The long road to sanctuary

Some sanctuary seekers taking asylum in a parish church travelled remarkable distances across the kingdom of England committing crimes and then escaping from the consequences. In the late 1420s, one seeker left his home in Yorkshire seeking work in Northumberland; things went awry at his workplace in Newcastle, however, causing him to flee a murder scene and run far south to Middlesex; from a Middlesex parish church he was sent to Kent to go (at least in theory) “beyond the seas” into exile.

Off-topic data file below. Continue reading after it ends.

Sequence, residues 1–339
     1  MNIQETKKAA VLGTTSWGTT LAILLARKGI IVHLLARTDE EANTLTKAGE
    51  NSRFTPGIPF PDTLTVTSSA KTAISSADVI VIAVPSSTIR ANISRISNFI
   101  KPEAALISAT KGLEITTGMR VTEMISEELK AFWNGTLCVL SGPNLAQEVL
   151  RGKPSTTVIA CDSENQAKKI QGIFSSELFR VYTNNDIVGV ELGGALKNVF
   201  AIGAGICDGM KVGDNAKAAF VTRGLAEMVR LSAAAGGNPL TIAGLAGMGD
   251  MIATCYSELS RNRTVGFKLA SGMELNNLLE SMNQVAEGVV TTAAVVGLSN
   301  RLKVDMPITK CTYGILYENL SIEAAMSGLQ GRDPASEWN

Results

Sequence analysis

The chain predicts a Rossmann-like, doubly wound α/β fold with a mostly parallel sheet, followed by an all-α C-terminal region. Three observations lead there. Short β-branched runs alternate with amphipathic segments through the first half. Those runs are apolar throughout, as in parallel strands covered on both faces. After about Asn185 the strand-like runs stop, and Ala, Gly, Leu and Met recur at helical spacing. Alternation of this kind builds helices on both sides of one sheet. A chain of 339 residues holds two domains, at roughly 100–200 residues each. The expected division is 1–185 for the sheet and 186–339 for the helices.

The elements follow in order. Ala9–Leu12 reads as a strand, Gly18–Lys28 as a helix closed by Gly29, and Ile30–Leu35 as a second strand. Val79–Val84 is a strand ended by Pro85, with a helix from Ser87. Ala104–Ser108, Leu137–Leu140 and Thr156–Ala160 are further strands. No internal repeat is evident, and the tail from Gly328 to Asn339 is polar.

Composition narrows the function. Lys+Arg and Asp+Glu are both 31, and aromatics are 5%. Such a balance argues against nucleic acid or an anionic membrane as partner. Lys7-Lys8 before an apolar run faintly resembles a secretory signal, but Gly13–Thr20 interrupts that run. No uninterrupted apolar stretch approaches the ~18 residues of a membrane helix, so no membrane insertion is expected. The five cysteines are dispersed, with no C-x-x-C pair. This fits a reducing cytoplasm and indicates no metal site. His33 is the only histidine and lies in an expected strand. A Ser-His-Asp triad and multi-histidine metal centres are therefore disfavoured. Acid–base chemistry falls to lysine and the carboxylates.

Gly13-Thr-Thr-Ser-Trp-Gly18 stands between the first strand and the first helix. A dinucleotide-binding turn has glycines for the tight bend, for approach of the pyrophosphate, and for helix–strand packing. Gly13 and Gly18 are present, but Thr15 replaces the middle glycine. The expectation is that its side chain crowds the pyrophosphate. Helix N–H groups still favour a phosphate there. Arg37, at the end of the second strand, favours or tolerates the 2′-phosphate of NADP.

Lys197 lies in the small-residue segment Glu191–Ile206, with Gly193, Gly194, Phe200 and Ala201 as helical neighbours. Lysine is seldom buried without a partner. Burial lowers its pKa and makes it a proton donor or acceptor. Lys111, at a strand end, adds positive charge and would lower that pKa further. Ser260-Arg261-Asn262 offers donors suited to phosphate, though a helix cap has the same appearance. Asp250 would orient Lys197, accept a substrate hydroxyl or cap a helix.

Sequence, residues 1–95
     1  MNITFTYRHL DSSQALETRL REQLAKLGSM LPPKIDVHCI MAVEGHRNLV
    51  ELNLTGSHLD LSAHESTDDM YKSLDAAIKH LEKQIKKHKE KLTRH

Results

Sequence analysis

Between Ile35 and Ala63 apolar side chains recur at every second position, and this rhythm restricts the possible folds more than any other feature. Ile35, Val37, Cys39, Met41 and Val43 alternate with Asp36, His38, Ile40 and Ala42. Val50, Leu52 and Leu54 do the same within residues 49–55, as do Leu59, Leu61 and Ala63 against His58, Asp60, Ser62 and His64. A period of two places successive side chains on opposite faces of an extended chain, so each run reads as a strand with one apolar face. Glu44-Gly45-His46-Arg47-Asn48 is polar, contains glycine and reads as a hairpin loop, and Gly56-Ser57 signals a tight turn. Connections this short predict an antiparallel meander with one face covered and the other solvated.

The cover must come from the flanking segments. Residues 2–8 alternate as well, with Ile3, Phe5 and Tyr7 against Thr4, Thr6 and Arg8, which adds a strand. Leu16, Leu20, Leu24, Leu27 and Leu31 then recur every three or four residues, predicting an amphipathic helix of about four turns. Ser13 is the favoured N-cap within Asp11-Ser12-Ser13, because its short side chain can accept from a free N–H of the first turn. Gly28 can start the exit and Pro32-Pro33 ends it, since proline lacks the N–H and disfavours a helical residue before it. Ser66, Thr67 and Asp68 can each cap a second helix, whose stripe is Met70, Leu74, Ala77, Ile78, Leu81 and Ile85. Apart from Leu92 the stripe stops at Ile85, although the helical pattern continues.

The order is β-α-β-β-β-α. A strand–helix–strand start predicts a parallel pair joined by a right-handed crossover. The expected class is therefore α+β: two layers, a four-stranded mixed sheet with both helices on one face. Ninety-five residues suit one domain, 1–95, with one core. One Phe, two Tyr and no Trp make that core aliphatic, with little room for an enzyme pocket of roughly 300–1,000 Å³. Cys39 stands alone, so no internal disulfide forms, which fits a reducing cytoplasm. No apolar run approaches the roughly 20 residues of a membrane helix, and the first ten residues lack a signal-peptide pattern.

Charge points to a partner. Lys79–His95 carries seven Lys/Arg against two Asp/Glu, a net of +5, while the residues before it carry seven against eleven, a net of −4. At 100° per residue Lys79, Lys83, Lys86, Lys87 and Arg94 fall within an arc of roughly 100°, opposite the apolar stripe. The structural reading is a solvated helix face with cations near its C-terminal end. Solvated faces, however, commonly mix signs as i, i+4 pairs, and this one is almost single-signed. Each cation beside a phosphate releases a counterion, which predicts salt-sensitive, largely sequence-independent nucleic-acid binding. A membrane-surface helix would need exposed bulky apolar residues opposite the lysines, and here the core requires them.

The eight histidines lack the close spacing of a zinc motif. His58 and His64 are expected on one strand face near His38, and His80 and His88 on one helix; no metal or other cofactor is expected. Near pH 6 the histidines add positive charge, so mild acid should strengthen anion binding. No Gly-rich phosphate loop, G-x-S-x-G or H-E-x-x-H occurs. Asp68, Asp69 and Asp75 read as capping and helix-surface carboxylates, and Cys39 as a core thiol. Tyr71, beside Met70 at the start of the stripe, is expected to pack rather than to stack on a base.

On 4 May 1427, Robert Tewdemouth of Leeds took sanctuary in the parish church of Acton, Middlesex. He confessed to the coroner that at “Neucastel epontyne” two years before, he had killed his master, Robert Fekynham, and fled south. Finally taking asylum in the Acton church in early May, he abjured the realm and was assigned the port of Sandwich in Kent to find a ship to take him across the sea.


I haven’t found anything further about Tewdemouth, but the fact that the report was filed at King’s Bench may indicate he was later found in the realm, not having gone into exile as he promised.

TNA, KB 9/222/3, m. 35

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